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This biennial is extraordinarily refreshing precisely because it is not on the international art circuit – it is a biennial for artists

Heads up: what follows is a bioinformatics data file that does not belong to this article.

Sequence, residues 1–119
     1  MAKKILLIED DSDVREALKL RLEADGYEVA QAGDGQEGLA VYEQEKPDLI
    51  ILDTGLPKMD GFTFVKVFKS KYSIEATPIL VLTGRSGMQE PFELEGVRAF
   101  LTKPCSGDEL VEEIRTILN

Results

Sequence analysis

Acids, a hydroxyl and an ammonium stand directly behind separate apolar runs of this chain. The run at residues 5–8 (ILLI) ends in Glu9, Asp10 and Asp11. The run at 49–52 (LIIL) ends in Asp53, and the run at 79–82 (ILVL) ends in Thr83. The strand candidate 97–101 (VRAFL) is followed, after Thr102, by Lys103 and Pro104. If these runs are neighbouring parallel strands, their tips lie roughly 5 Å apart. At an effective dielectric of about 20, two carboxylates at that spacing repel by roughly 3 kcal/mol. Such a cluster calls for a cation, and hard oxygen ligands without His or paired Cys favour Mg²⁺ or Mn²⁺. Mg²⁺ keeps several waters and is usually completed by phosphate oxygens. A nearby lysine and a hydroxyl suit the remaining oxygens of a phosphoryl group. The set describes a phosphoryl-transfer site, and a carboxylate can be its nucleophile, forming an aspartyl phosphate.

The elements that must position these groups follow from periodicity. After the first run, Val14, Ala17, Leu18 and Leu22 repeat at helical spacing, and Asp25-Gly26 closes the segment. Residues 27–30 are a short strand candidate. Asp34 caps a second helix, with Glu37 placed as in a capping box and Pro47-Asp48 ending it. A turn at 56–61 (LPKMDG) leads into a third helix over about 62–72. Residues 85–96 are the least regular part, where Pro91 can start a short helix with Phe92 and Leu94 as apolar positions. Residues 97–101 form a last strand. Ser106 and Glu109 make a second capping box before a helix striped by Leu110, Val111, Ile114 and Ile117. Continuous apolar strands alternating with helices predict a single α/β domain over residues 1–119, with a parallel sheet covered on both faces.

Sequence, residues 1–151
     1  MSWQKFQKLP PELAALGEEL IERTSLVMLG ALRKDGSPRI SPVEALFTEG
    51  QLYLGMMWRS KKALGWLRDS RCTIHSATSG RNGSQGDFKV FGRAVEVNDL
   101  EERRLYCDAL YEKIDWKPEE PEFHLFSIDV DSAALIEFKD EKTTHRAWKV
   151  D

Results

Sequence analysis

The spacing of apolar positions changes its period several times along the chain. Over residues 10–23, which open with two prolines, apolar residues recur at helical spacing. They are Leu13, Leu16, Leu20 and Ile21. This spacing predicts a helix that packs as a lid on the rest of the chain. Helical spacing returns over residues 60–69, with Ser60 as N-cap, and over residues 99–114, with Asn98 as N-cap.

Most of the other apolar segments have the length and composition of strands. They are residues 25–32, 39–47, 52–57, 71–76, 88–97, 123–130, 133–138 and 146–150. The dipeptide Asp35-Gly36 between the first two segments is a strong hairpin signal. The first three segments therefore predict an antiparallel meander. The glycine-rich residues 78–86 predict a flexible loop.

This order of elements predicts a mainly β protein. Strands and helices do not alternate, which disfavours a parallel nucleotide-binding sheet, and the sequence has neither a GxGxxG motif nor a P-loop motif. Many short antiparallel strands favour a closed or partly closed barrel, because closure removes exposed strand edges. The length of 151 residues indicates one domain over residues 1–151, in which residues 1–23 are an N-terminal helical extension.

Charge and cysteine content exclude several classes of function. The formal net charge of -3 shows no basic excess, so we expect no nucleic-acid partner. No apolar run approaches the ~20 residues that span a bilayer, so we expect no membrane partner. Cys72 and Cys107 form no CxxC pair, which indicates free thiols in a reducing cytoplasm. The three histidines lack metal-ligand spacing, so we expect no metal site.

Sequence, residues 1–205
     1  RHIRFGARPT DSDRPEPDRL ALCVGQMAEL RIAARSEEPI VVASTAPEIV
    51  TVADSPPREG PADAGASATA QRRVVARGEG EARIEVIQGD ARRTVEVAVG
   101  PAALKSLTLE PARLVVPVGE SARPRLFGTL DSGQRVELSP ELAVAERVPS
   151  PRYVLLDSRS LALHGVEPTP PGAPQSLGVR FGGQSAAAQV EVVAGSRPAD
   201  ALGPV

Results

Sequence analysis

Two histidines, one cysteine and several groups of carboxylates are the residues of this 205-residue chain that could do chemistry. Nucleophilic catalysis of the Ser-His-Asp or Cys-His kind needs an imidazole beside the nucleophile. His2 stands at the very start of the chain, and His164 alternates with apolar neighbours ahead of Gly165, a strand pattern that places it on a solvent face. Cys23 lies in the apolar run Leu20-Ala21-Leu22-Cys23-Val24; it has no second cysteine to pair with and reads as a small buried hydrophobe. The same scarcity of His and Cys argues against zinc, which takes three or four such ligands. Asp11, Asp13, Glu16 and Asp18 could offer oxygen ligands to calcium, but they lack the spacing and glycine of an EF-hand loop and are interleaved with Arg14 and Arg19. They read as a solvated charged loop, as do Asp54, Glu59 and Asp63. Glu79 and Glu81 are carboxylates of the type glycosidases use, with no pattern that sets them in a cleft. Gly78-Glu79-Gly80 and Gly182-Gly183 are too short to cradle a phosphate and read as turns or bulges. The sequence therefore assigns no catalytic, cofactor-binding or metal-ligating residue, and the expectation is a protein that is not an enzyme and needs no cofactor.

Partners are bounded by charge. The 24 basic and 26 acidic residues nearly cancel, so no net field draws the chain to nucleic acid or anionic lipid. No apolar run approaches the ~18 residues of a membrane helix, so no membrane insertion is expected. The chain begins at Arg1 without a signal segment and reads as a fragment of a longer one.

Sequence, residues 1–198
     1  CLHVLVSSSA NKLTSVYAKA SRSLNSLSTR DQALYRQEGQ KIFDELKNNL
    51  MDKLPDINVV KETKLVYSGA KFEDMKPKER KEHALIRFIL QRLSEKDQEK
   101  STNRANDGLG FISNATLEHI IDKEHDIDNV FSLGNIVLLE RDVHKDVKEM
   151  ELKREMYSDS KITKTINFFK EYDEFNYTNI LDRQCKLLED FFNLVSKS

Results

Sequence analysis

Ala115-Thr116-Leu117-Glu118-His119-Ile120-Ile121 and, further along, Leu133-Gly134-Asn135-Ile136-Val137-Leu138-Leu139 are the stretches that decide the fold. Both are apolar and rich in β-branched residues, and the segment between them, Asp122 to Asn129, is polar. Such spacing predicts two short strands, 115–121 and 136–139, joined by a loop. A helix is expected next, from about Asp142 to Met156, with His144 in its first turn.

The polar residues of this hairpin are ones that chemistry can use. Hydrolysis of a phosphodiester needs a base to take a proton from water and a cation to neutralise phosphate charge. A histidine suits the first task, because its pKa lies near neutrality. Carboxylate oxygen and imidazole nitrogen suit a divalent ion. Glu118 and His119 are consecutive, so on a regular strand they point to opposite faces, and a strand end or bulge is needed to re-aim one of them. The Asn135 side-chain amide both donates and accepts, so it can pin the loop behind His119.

It only takes eight hours to fly from London to Bamako. Yet, it can take 24 hours to travel from Cape Town and six days or more from Lagos if you’re driving, as 10 Nigerian photographers and writers decided to do (see ). For those of us travelling from Europe for the African photography biennial, Bamako, in the heart of West Africa, was an easy destination. Judging by the pandemonium at immigration, this was not the experience of visitors from other African countries attempting to secure their visas on arrival. Sometimes it seems the borders within Africa are almost as impenetrable as those preventing Africans from entering Europe. It is not hard to see why the theme of borders proved an apt topic for the eighth edition of Bamako’s biennial photography showcase, which opened early in November 2009. Established in 1994, Bamako Encounters remains little known outside Africa. While this must be frustrating to photographers working on the continent, who seek recognition and international exposure, this biennial is extraordinarily refreshing precisely because it is not on the international art circuit. Bamako Encounters is a biennial for artists. It hardly seemed to matter if anyone else was there. Temporary walls were not perfectly built and lighting was makeshift, but this is inconsequential when one has the opportunity to see works by more than 100 African artists in half a dozen locations around the city. Although relatively large, the biennial is also small enough to enable interactions with many of the participating artists and other visitors – another point in its favour.This year the Musée National du Mali hosted the main pan-African exhibition and several monographic presentations. With a small auditorium, the museum was also the venue for several screenings and talks. Portfolio reviews took place in the museum grounds on improvised furniture under the trees. (Other venues included Institut National des Arts, located near the grand mosque in the heart of the city, the Conservatory, the French Cultural Institute, Musée du District de Bamako and Palais de la Culture, home to Mali’s national orchestra, and theatre and ballet companies.)Crammed into the main hall at the museum, the pan-African exhibition brought together photographs and videos investigating different kinds of borders – geographic and physical, social and cultural. Some photographs, like Jodi Bieber’s Going Home series from 2001, addressed the topic very directly. Documenting the detention of illegal immigrants in South Africa and their subsequent forced return to neighbouring countries; this series won the European Union prize for documentary photography. Bouchra Khalili’s video Mapping Journey (2008) literally maps the difficult routes taken by illegal immigrants crossing into various countries, showing that migration almost never follows a straight line. The Maghreb Connection (2006-08), installed in the Palais de la Culture, took this premise even further. Initiated by Swiss artist, Ursula Biemann in collaboration with Doa Aly, Raphaël Cuomo and Maria Iorio, Hala Elkoussy, and Charles Heller, this diverse and layered video installation presents multiple perspectives – including those of Chinese immigrants in Cairo and Tuareg people traffickers – on migration through the northern part of sub-Saharan Africa. While human migration – voluntary and forced – was a recurring theme in many works, other photographers focused on the movement of goods across borders. Sudanese photographer, Ali Mohamed Osman, presented a series of photographs taken in Port Sudan, one showing countless colourful containers about to be offloaded alongside another depicting hundreds of goats waiting to be loaded and exported. Shown in this context, this series makes apparent the relative ease with which goods (and animals) – as opposed to people – cross borders. It also highlights the differences between what is imported to and exported from African countries.Predictably there was no shortage of photographers addressing conflict and the aftermath of war, especially with regards to the Democratic Republic of Congo. Many of these were grouped in the main exhibition and hung close together, which did a disservice to the individual photographers. Amongst these, 28-year old Congolese artist, Baudouin Mouanda stood apart with his black and white series The Aftermath of the 1997 War (2008). Documentary photography of internally displaced people and refugees also featured prominently. Fazal Sheikh’s portraits of Somali refugees in Kenya (installed in the Musée du District) and Karel Prinsloo’s images of villagers fleeing North Kivu (in the Palais de la Culture) provided moving accounts of the suffering and resilience of ordinary people in the face of war. While works focusing on contested borders and the consequences of war dominated, other photographers interpreted the theme of borders in broader terms. In a series on street urchins in Chad, Abdoulaye Barry revealed the invisible borders that divide rich from poor, those with homes from those without. Images of children, vendors and customers in a shaft of light under a bridge (Under Bridge Life, 2009) in Nigeria won Uche Okpa Iroha, an emerging Nigerian photographer and one of the founding members of the Blackbox Collective, the grand prix award. Kader Attia’s photographs of youths from Bab el-Oued (an impoverished district of Algiers) looking out to sea reminded one that some people choose, while others are born into or pushed to the periphery. Three photographs from Zanele Muholi’s Miss D’Vine series (2007) were installed opposite Attia’s Square Rocks, 2009 in one of the few spacious rooms. Here the two experiences of entrapment played off each other well in a rare moment of curatorial clarity. Muholi’s work on sexuality and gender politics could not be more prescient, especially since as I write this, the Ugandan parliament is considering an anti-homosexuality bill advocating the death sentence for gay sex. Considering the continued discrimination against homosexuals in Africa, it is hugely significant that Muholi’s work was not only exhibited in a relatively conservative Muslim country, but that she was awarded the Casa Africa award. South African artists in general were well represented with substantial presentations by Nandipha Mntambo and Pieter Hugo in the Palais de la Culture. These attracted attention and stimulated debate, but also seemed disconnected from the other works on display – being more of the realm of art photography than photojournalism. This year, the biennial organizers paid homage to an older generation of African photographers by including the likes of Malick Sidibe, Oumar Ly and J. K. Bruce Vanderpuije alongside emerging artists. The history of photography in Africa is long and rich, but not yet fully appreciated, either abroad or on the continent. The organisers of the 2009 biennial erected posters and large-scale photographs on the streets in an attempt to engage the local population. Despite these efforts, relatively few Malians attended the exhibitions and related events. We may think of borders as lines demarcating countries, but borders are everywhere. Art remains the domain of a privileged few. Engaging local audiences is one of the greatest challenges facing contemporary African art today.[bio] Kerryn Greenberg is a curator at Tate Modern, London